rectal cancer
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A recent study in the US evaluated whether total neoadjuvant therapy could improve the effectiveness of rectal cancer treatment.

According to The American Cancer Society, more than 43,000 people in the United States will be diagnosed with rectal cancer in 2018. Rectal cancer arises from the lining of the rectum, which is the last few inches of the large colon. Common signs and symptoms of rectal cancer are changes in bowel habits, diarrhea, bowel obstruction, and bleeding. The exact cause of rectal cancer is still unknown, but certain risk factors include aging, smoking, and a high-fat diet.

The treatment of rectal cancer depends on the stage of the disease. Surgery is the primary treatment for all stages of rectal cancer. The clinical treatment of stage II and III locally advanced rectal cancer usually consists of preoperative chemoradiotherapy (chemoRT), followed by total mesorectal excision and postoperative adjuvant chemoradiotherapy. This approach has succeeded in reducing the distant recurrence but not the local recurrence.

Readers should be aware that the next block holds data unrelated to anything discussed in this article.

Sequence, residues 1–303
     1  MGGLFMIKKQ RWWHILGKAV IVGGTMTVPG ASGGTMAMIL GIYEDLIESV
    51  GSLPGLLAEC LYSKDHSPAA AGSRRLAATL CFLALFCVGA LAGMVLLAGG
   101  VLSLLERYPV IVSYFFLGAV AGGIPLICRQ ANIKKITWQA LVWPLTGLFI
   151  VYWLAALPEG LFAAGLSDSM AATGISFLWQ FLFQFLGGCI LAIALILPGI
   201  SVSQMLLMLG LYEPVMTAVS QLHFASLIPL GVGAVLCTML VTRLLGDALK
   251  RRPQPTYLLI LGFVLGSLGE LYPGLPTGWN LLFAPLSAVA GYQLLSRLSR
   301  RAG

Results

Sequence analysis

In a recent study published in JAMA Oncology, a group of scientists in the United States evaluated the effectiveness of applying total neoadjuvant therapy in treating late-stage cancer. In contrast to the traditional approach of chemoRT followed by postoperative adjuvant chemoradiotherapy, the total neoadjuvant therapy approach administers both chemoradiation and chemotherapy before surgery.

The study included811 patients presenting stages III, IV, or node-positive rectal cancer, in which 320 received traditional chemoRT with planned adjuvant chemotherapy and 308 received the new total neoadjuvant therapy approach. These participants were recruited between 2009 and 2015 from the US Memorial Sloan Kettering Cancer Center. This study is the largest published series of patients with rectal cancer treated with total neoadjuvant therapy.

The researchers compared the treatment and outcome data in the two patient cohorts, including the tolerance of prescribed chemotherapy, tumor response, and short-term oncologic outcomes. They found that total neoadjuvant therapy facilitates the delivery of planned systemic therapy, with a 15% higher success rate than that of the traditional treatment method. The patients treated with total neoadjuvant therapy also had higher rates of pathologic and sustained clinical responses within 15 weeks of surgery.

Total neoadjuvant therapy appears to have short-term advantages over the traditional chemoRT and adjuvant chemotherapy regimen for locally advanced rectal cancer. Further validation should be done in long-term follow-ups to fully assess its effectiveness on the overall survival rate.

Written by Man-tik Choy, Ph.D

Reference: Cercek A., Roxburgh C.S., Strombom P., et al. Adoption of Total Neoadjuvant Therapy for Locally Advanced Rectal Cancer. JAMA Oncology. Published online March 22, 2018. DOI 10.1001/jamaoncol.2018.0071

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